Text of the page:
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Social Media Week Bogota Sneak Peek: Social Media and Education

by Briana Campbell (@MsMatchGirl) Social media tools are everywhere. In every country, to some extent, around the globe. They have become a part of our every day. A part of our culture. In fact, in a February 2011 study, Colombia was ranked in the top 8 amongst countries on Facebook. And overall usage of social Read more

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by Briana Campbell (@MsMatchGirl)
Social media tools are everywhere. In every country, to some extent, around the globe. They have become a part of our every day. A part of our culture. In fact, in a February 2011 study, Colombia was ranked in the top 8 amongst countries on Facebook. And overall usage of social media in Latin America is on the rise. So why not use these tools, that we all use every day, to enhance and improve education?

In 2010, the US State Department launched an initiative called Exchange 2.0, with a mandate to help teachers use the internet to reach out globally. This program encourages engagement and provides students with a world view, so important in our increasingly digital and global age, beyond their front door.

“. . . [I]n this interconnected world, our country risks being disconnected from the contributions of other countries and cultures. Through education and exchange, we can become better collaborators and competitors in the global economy.”

— US Secretary of Education Arne Duncan’s speech to the Council on Foreign Relations, May 26, 2010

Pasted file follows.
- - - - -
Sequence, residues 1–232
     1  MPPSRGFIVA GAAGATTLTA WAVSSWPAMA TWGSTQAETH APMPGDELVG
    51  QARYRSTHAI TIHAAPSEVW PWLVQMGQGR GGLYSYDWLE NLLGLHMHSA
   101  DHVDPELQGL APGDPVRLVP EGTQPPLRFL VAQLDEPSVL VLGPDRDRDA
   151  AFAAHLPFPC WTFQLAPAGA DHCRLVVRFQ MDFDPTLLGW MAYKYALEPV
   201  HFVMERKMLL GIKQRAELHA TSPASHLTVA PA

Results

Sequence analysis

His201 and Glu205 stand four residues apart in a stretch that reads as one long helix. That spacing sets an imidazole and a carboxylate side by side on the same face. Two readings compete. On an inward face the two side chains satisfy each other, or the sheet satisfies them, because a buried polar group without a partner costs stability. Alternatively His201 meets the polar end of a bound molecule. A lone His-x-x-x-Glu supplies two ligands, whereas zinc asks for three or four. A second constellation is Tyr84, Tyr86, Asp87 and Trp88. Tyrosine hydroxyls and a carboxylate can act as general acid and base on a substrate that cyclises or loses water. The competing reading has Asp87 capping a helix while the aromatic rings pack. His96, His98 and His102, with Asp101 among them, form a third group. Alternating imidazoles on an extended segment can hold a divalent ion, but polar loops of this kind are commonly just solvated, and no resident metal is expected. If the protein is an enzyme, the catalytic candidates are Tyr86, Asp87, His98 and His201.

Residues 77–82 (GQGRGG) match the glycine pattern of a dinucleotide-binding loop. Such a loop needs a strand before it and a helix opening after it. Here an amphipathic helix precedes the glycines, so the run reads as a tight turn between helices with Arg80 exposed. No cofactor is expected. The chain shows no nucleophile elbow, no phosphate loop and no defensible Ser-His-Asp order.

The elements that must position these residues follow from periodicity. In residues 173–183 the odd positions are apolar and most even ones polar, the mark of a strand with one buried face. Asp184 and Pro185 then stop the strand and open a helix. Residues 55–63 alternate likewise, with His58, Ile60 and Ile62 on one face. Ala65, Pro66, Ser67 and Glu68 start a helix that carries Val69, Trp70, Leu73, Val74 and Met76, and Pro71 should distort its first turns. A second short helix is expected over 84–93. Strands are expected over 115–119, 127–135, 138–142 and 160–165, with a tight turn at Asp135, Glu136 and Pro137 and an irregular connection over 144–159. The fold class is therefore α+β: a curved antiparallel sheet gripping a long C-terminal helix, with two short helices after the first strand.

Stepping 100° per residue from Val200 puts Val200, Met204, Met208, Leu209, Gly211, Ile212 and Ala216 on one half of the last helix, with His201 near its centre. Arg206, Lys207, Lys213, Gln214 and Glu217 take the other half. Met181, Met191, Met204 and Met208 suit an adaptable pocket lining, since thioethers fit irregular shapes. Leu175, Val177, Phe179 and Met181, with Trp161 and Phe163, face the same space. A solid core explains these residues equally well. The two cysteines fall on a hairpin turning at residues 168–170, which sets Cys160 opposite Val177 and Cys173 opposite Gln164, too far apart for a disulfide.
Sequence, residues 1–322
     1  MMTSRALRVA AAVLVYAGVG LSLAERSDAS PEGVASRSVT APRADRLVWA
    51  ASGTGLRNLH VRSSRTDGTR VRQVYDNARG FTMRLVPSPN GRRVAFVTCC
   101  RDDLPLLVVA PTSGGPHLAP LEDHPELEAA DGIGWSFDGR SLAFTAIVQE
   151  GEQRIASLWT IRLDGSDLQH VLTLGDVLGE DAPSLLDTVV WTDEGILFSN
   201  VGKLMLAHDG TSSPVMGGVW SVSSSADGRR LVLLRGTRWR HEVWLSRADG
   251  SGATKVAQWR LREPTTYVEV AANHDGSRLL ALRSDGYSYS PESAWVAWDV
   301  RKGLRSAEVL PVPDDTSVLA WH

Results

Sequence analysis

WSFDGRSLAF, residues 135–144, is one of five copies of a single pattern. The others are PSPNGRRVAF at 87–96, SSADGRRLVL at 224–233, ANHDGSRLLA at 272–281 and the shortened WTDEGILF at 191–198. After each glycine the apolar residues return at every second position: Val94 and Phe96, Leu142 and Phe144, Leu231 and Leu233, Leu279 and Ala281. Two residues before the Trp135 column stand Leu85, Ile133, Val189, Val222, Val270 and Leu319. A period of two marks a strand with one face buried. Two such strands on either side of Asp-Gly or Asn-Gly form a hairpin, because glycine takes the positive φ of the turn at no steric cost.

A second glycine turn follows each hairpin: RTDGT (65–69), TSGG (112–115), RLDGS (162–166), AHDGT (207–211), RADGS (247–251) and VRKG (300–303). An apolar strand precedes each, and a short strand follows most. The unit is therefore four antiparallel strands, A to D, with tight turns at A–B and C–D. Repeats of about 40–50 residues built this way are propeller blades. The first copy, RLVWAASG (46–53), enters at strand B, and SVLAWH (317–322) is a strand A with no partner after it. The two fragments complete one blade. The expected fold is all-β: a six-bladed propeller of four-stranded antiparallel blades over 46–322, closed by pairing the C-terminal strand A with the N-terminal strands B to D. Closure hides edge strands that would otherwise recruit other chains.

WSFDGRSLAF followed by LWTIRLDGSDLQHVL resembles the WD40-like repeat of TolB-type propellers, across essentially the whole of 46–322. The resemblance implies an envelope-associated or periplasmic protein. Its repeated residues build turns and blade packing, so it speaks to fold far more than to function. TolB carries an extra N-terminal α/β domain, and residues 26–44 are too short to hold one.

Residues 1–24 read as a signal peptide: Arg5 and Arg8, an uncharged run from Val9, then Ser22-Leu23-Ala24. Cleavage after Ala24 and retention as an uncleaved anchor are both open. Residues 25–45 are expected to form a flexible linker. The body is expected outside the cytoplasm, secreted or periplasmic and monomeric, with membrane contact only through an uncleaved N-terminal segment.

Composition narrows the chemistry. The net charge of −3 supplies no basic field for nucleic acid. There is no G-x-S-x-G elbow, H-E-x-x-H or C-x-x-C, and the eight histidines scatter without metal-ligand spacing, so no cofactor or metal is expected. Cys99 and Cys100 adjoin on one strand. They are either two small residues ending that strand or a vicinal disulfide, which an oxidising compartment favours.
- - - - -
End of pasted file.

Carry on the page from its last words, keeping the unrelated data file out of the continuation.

The conversation about how and when to engage with social media in the classroom opens a Pandora’s box of questions and complications. Critics will talk about how it is too easy for educators on social platforms to develop inappropriate relationships with their students. Many wonder about the safety of younger students engaging in such platforms.

But with appropriate education, supervision and security tools in place the use of social media can only enrich the classroom experience for today’s children who are, frankly, digital natives. More and more kids have social media profiles and spend more and more of their time online. Why not use the tools they are already using in their out of school time to engage them educationally?

A great 2010 article in Mashable makes a strong case for using social media in schools. The main takeaways being these: It’s not going anywhere. Social media is here to stay; Social media encourages collaboration (not cliques); and what has been proven by educators time and time again – when kids are engaged with a subject, they learn better.

As part of our Social Media Week programming Juan Daza will be leading a conversation about the growing role of social media in the world of education. What do you hope to learn?

 

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